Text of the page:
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10:19 pm, 1 Dec 08

dean schools me on assembly

An old friend was in town the past few weeks and we worked together a bit. His background is in "the hacking scene" so I always learn a ton from him. One event in particular for this post: in debugging a crash* where the backtrace indicated a jump to a garbage address, he immediately dropped to disassembly and pointed out the vtable call, and from there worked out the relevant types (what was expected, what was pointed at concretely) by examining memory.

I was struck by this in how different it was from how I'd have approached the problem (which can maybe be summarized as "stare at it really hard"). I can follow assembly when pressed but it would not have occurred to me to start from there. It also struck me how few people I know would even be able to recognize what calling through a vtable looks like in assembly (especially Intel syntax!), and how this is plainly a hole in my education / skill set.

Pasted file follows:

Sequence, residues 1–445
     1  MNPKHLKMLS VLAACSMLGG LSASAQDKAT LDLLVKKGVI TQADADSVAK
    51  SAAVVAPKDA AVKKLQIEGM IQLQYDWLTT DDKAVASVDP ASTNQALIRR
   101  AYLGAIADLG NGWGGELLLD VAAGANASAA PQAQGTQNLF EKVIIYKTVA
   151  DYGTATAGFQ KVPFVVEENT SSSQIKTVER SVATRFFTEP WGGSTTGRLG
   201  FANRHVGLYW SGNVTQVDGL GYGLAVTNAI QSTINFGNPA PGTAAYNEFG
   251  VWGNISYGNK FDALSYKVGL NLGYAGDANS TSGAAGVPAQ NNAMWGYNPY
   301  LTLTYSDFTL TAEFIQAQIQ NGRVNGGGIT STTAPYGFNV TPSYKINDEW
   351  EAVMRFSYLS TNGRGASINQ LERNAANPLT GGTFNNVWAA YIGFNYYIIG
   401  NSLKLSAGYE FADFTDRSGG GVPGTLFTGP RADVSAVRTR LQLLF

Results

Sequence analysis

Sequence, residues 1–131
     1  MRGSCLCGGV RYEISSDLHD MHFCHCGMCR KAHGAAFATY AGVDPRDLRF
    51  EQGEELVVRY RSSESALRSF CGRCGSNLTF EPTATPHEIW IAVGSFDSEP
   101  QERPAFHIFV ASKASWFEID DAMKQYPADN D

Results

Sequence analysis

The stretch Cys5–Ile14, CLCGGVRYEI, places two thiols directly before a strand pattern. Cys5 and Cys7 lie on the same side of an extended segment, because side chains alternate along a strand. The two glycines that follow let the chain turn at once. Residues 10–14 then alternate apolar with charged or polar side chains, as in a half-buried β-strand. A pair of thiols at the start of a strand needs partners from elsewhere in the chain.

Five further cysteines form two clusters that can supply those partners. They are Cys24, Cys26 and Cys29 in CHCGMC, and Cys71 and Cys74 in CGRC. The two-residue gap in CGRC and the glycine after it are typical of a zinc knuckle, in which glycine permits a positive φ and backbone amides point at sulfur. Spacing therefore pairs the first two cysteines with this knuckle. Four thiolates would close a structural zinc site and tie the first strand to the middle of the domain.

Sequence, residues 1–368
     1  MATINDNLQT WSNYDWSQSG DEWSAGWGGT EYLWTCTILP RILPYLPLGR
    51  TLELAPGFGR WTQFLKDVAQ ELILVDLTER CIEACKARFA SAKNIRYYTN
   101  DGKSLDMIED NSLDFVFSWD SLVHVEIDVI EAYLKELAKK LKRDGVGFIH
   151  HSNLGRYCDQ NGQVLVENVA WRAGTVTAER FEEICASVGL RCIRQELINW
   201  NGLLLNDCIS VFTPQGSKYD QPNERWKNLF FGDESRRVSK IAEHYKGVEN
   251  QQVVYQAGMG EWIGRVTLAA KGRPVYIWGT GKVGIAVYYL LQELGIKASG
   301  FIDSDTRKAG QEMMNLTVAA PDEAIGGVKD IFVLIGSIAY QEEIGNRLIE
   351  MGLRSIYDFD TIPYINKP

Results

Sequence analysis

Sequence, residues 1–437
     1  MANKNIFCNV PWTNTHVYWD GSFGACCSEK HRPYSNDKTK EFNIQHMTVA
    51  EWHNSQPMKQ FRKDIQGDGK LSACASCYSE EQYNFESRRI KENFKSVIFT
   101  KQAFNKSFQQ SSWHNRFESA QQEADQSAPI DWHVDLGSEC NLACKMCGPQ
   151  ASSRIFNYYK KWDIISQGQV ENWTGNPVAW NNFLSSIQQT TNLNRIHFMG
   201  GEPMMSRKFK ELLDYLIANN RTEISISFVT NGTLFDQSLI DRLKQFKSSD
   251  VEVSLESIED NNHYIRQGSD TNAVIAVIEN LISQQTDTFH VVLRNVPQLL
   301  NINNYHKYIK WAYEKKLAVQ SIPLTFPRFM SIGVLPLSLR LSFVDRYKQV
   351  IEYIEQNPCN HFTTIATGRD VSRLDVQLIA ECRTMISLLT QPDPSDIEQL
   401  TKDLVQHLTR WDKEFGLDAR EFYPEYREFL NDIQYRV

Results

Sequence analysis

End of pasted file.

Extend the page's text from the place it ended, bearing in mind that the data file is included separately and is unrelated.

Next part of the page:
Of course, one of my officemates is one of those people (and he's years younger than me, so that's no excuse). He explained he'd started out programming in assembly because he didn't have access to a compiler when he was little. Some people are just hard core.

* The problem ended up being a subclass's override of a virtual function where the superclass's function changed its type, causing the subclass code to no longer match and override. This was all far removed from the crash, of course. An extra twist of irony was that it only exhibited on a Digg article about Chrome working on Linux.